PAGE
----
Targeting mRNAs by engineered sequence-specific RNase P ribozymes.
ABSTRACT The methods of using engineered RNase P catalytic RNA (termed as M1GS RNA) for in vitro and in vivo in trans-cleavage of target viral mRNA are described in this chapter. Detailed information is focused on (1) mapping accessible regions of target viral mRNA in infected cells, (2) generation and in vitro cleavage assay of the customized M1GS ribozyme, (3) stable expression of M1GS RNAs and evaluation of its antiviral activity in cultured cells. Using these methods, we have constructed functional M1GS ribozyme that can cleave an overlapping region of the mRNAs coding for the human cytomegalovirus (HCMV) capsid scaffolding protein (CSP) and assemblin in vitro. Further study has demonstrated that, in cultured human cells expressing the functional M1GS ribozyme and infected with HCMV, more than 85% reduction in the expression of CSP and assemblin and a 4,000-fold reduction in viral growth were achieved. Our study provided the direct evidence that the customized M1GS ribozyme can be used as an effective gene-targeting agent for in trans-cleavage of viral genes and inhibition of viral growth in cultured cells.
- SourceAvailable from: Jianguo Wu[Show abstract] [Hide abstract]
ABSTRACT: Hepatitis C virus (HCV) is a human pathogen causing chronic liver disease in about 200 million people worldwide. However, HCV resistance to interferon treatment is one of the important clinical implications, suggesting the necessity to seek new therapies. It has already been shown that some forms of the catalytic RNA moiety from E. coli RNase P, M1 RNA, can be introduced into the cytoplasm of mammalian cells for the purpose of carrying out targeted cleavage of mRNA molecules. Our study is to use an engineering M1 RNA (i.e. M1GS ) for inhibiting HCV replication and demonstrates the utility of this ribozyme for antiviral applications.Virology Journal 05/2014; 11(1):86. DOI:10.1186/1743-422X-11-86 · 2.09 Impact Factor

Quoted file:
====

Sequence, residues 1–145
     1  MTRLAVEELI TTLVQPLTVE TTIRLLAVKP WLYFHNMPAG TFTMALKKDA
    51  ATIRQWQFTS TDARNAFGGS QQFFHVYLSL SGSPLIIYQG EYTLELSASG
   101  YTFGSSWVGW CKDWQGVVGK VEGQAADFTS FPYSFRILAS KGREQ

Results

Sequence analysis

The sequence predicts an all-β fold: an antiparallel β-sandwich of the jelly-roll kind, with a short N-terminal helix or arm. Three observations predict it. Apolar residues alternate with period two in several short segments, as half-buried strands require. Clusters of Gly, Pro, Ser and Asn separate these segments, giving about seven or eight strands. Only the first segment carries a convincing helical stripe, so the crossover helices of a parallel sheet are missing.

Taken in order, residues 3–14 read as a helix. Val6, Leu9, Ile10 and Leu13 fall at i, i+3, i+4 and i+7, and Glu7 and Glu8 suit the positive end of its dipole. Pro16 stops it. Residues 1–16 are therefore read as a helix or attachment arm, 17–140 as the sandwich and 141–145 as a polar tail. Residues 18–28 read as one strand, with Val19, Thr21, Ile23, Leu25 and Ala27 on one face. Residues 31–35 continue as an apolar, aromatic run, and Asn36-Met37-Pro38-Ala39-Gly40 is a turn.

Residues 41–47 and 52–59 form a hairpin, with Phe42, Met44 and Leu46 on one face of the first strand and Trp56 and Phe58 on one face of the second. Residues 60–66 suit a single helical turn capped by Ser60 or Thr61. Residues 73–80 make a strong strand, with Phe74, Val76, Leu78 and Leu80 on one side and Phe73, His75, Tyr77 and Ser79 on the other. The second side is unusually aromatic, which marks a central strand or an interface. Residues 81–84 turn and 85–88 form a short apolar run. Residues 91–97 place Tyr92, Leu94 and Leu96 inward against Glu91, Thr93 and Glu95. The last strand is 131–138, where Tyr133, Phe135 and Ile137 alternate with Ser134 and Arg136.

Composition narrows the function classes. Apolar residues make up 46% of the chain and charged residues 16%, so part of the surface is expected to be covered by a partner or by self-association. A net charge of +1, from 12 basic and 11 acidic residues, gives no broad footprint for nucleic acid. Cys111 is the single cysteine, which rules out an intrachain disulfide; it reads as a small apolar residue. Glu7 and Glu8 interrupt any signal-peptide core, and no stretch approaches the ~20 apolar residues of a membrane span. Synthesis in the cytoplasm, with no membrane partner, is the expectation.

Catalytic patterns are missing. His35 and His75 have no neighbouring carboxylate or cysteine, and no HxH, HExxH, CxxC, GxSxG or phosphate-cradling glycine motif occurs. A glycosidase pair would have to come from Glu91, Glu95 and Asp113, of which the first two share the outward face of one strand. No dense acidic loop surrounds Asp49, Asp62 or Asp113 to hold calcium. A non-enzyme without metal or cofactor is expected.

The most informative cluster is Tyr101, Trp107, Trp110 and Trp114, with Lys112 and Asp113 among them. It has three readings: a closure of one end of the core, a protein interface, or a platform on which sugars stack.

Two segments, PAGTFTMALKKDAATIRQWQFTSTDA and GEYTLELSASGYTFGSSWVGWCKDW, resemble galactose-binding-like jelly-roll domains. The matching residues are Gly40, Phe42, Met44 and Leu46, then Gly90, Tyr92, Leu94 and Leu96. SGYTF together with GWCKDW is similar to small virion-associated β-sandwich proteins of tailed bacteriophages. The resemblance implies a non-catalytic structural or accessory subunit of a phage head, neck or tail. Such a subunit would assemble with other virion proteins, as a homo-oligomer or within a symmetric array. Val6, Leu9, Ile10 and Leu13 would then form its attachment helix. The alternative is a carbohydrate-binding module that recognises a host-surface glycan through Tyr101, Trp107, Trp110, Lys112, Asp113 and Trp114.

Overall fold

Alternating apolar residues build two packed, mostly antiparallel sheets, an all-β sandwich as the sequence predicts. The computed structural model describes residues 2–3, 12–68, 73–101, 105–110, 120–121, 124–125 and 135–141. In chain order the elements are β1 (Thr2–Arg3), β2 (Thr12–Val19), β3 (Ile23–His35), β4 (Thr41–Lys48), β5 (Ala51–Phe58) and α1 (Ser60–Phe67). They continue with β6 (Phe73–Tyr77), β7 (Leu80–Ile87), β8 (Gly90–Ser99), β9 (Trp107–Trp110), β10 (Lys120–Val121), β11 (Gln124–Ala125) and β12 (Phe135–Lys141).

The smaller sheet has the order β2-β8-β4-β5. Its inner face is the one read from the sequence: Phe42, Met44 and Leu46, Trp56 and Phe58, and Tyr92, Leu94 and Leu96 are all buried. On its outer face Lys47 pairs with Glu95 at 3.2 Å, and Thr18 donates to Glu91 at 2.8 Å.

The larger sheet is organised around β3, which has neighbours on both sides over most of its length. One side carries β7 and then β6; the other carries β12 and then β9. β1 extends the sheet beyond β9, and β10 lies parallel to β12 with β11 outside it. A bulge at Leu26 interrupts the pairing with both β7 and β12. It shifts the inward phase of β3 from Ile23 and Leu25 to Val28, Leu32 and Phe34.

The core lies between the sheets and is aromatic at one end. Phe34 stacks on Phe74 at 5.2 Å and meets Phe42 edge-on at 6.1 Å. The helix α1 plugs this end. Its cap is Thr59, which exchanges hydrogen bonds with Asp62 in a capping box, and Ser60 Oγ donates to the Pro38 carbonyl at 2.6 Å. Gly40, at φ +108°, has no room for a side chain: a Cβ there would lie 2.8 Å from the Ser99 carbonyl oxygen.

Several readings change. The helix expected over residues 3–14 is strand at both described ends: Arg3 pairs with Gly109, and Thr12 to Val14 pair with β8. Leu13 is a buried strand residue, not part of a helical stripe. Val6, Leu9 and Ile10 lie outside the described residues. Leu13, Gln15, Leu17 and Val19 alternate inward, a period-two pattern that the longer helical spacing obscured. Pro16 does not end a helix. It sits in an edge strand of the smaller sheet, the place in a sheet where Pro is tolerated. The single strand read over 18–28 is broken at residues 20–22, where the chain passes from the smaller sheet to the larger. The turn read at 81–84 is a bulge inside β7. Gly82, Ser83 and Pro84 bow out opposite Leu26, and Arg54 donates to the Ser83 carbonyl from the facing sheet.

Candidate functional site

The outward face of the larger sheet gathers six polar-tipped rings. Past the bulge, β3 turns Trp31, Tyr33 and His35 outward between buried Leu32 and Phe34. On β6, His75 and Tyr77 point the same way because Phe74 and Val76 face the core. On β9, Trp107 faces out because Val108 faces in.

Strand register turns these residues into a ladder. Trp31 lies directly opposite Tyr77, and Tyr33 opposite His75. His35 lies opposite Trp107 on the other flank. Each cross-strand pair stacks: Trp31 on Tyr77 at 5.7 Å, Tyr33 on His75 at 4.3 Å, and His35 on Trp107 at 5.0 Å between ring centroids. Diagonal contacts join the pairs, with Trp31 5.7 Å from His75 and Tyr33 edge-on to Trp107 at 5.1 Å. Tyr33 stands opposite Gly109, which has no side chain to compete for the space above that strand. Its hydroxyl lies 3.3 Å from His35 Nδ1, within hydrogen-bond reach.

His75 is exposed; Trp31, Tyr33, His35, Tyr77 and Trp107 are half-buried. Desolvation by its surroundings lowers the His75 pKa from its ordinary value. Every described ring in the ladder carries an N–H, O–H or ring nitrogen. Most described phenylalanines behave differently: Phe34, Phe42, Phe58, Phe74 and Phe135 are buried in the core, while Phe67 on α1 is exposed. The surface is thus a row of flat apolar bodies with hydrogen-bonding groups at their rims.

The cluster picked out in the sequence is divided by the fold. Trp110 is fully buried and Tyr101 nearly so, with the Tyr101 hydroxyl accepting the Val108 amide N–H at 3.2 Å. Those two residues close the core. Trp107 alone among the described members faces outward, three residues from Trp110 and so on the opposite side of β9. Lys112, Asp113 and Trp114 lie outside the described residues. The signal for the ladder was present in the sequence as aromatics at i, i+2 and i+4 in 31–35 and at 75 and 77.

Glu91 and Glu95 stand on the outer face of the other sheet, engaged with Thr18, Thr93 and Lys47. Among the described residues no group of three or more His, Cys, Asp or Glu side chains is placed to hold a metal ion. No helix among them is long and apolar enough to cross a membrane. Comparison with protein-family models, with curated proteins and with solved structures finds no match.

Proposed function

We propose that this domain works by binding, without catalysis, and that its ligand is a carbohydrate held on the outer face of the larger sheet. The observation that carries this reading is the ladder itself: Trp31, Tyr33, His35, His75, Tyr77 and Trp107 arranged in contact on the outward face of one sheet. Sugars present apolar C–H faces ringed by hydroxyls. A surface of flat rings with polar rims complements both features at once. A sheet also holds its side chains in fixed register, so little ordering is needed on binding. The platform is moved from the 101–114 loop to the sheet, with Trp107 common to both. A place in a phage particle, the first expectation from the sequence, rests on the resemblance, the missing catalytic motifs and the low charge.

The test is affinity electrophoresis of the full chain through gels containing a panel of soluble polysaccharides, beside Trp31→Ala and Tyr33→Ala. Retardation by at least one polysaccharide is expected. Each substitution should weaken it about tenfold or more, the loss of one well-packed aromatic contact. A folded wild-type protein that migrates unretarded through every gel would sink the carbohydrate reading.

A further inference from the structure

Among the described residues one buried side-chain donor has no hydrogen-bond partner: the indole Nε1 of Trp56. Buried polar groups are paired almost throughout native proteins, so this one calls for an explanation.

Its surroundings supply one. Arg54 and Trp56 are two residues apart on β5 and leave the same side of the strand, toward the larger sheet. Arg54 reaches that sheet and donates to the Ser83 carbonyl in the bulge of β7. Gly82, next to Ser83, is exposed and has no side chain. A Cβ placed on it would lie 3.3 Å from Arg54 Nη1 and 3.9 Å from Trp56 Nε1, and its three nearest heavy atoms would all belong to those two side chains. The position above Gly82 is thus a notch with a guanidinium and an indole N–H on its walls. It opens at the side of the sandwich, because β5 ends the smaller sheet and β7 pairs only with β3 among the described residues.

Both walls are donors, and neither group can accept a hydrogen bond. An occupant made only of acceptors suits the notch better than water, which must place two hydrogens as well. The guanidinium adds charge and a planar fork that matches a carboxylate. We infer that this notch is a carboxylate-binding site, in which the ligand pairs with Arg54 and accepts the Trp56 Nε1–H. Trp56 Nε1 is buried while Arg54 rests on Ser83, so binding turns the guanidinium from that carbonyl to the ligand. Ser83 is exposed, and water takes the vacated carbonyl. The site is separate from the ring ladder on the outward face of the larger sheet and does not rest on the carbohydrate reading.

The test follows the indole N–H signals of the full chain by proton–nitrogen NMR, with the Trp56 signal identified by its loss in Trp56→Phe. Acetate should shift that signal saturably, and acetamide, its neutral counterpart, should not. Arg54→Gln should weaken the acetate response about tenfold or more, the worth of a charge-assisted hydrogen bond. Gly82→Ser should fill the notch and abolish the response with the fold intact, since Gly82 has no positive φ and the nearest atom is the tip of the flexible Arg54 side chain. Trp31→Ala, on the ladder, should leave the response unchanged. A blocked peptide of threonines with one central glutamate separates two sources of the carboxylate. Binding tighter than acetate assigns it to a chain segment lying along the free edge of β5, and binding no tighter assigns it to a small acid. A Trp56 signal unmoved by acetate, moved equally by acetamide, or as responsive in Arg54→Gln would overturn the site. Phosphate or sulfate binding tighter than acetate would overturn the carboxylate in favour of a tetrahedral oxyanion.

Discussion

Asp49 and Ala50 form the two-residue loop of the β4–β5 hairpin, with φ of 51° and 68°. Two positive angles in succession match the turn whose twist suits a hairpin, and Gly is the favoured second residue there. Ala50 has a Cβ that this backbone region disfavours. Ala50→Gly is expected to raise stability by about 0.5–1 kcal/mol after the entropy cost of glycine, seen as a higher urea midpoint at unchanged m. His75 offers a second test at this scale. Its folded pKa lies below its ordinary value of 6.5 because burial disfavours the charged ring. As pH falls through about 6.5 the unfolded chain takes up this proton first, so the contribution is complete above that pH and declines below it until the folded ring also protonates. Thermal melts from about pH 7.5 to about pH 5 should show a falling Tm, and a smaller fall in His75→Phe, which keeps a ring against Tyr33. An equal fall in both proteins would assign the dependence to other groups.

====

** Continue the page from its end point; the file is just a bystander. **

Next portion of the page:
Article: Ribonucleases as antiviral agents[Show abstract] [Hide abstract]
ABSTRACT: Many ribonucleases (RNases) are able to inhibit the reproduction of viruses in infected cell cultures and laboratory animals, but the molecular mechanisms of their antiviral activity remain unclear. The review discusses the well-known RNases that possess established antiviral effects, including both intracellular RNases (RNase L, MCPIP1 protein, and eosinophil-associated RNases) and exogenous RNases (RNase A, BS-RNase, onconase, binase, and synthetic RNases). Attention is paid to two important, but not always obligatory, aspects of molecules of RNases that have antiviral properties, i.e., catalytic activity and ability to dimerize. The hypothetic scheme of virus elimination by exogenous RNases that reflects possible types of interaction of viruses and RNases with a cell is proposed. The evidence for RNases as classical components of immune defense and thus perspective agents for the development of new antiviral therapeutics is proposed.